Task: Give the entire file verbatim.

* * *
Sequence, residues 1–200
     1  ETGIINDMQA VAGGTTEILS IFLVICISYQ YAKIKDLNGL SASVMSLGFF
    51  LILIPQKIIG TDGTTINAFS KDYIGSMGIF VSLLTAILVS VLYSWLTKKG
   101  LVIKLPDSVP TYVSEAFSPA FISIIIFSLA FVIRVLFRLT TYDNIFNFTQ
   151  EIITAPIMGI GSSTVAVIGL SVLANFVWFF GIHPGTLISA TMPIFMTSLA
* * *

Sequence, residues 1–200
     1  ETGIINDMQA VAGGTTEILS IFLVICISYQ YAKIKDLNGL SASVMSLGFF
    51  LILIPQKIIG TDGTTINAFS KDYIGSMGIF VSLLTAILVS VLYSWLTKKG
   101  LVIKLPDSVP TYVSEAFSPA FISIIIFSLA FVIRVLFRLT TYDNIFNFTQ
   151  EIITAPIMGI GSSTVAVIGL SVLANFVWFF GIHPGTLISA TMPIFMTSLA